Hi, one of my rentals had fire damage and is insured through Allstate. They were great with the process so far and have a check ready for me, but they said since I have a mortgage on the property they send a check with my name and the mortgage companies name too. They said the mortgage may hold some the money? Has anyone been in this scenario and know how it works?
I’m actually going through this right now. I had a fire on my 3-flat in Berwyn, and Berkshire Hathaway did something similar to your situation. They sent me multiple checks addressed to me and my mortgage company. I had to mail each check to my mortgage company to sign off each time. I then received the signed checks from the mortgage company and deposited them into my bank.
My mortgage company was withholding some funds until they had their inspector come out and check the progress of repairs. Depending on how far along the repairs are, the mortgage company will release the rest of the funds or send a partial payment (you may need to have another inspection after repairs are complete to release the rest.)
Hope this helps!
@Isaac S. nothing out of the ordinary there. That is standard practice when settling a claim industry wide.
@Isaac S. I have gone through insurance claims twice for my rental property out here in the Chicago suburbs (Brookfield). First time was for hail damage. Second time a huge tree branch landed on the roof. Both times through the claims process went very similar for me. I got two checks each time from the insurance company. The first one was for about 75% of the repair cost. That first check needed to be endorsed/signed by all the people in title and the Mortgage company. So I would get the check. My wife and I sign the check. Then we sent it to the mortgage company. They would endorse it and send it back within a week. Then we can hand that check over directly to my contractor.
The second check from the insurance company always came without the mortgage company on the line. So only my wife and I had to sign before handing it over to the contractor when he was done with the job.
But I was never told that my mortgage company can hold any of the money while the repairs were being done.
Correct, this is common where the carrier will need to sign the check as well, but also might withhold some funds until the project is complete to everyone's satisfaction. It's for your protection and most contractors with experience will be privy to this process.
@Isaac S. You do have to mail the check to the mortgage company and they will hold funds until the property has been repaired and inspected. Nothing out of the ordinary with your claim. That is standard practice when settling a claim. Thanks, Alan Sussman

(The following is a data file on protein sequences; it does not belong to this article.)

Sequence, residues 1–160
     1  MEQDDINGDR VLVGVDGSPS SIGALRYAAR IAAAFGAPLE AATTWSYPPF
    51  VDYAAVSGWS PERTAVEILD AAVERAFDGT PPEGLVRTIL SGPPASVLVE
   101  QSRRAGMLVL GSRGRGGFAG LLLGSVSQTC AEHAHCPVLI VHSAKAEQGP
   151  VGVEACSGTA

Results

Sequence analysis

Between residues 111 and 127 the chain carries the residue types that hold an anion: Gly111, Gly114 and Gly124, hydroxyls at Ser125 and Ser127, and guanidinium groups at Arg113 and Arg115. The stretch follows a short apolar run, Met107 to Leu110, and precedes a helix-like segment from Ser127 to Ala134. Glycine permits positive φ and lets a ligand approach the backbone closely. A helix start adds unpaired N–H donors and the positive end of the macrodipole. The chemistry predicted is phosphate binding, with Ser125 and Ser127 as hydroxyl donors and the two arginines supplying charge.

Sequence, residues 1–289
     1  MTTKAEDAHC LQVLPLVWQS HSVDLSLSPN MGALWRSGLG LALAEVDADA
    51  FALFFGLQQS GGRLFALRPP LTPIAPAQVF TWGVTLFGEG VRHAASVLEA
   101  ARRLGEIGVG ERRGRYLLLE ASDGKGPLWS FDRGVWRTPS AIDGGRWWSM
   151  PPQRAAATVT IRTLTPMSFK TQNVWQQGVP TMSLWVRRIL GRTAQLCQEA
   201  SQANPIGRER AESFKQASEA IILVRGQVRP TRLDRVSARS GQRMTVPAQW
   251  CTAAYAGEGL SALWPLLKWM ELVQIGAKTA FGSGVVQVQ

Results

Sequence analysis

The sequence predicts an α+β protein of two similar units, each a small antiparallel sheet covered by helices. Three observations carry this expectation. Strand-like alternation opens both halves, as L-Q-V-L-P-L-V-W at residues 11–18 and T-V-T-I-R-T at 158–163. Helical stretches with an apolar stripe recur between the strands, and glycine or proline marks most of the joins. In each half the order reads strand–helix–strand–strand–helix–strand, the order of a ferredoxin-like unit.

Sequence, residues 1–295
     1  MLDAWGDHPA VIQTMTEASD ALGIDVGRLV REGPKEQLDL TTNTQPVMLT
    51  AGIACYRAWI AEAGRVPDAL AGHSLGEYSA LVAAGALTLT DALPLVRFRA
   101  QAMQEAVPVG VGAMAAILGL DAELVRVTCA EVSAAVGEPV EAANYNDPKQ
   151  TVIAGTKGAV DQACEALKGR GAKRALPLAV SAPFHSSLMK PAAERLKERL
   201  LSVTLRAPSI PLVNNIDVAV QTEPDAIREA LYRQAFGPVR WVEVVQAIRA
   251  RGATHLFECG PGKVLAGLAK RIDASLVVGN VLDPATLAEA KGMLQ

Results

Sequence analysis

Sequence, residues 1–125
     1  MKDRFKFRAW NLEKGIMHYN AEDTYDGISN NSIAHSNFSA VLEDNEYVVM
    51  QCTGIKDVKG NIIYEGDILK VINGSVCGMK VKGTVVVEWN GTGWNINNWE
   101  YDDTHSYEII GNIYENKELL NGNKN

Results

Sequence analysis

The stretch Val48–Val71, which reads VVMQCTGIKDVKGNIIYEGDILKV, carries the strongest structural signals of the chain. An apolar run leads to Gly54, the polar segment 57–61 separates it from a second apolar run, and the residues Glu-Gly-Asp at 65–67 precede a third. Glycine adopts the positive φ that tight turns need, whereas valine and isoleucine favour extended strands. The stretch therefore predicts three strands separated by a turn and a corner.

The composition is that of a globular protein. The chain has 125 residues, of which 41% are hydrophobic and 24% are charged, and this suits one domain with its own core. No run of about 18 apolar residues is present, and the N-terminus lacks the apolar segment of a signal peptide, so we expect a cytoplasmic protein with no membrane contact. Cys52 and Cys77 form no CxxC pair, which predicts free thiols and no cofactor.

I'm a restoration contractor (and investor). All of the above is correct and your contractor should be familiar with the process.
Weird question, but what do you do if the insurance company gives you x amount of money but the repair only costs y, do I just give the difference back?
@Isaac S. (For background--I'm both an investor and own a restoration company) The short answer is no--you don't return the difference back, but it's a bit more complicated than that. My first question is "why did it cost less?" The RCV (Replacement Cost Value) is designed to be the retail price for the repairs to be done to professional standards. Can you save some money from that amount? Perhaps, yes. Should you? Perhaps not.
Part of the service of a professional restoration company is to be sure that the scope of work aligns with the insurance company and to negotiate on behalf of the property owner to be sure that the repairs are being done properly and fully paid for (less your deductible). If a company does that, then their bill should align exactly with their insurance settlement. Why would they accept less? or "What did they leave out?"
On the other hand if you are not using a restoration company, you are performing that role that yourself. Good luck--you might get a fair treatment from your insurance carrier--some adjusters are honest and knowledgable; some not so much. If you get a good settlement and GC the project yourself, you may be able to save a little bit--but it will cost you in time and effort.
One other consideration: Your initial payment from the insurance carrier is called the ACV (Actual Cash Value) and is a portion (usually 2/3 or more) of the total settlement. You will not receive the full amount (called the RCV--Replacement Cost Value) until the replacement is completed. If you choose to keep the ACV and never do the repairs, that is your right as the homeowner--they will only pay RCV once replacement is complete.
So the answer isn't a simple yes or no--Hopefully that helps give some contexts.Please let me know if there are any other questions I can help with.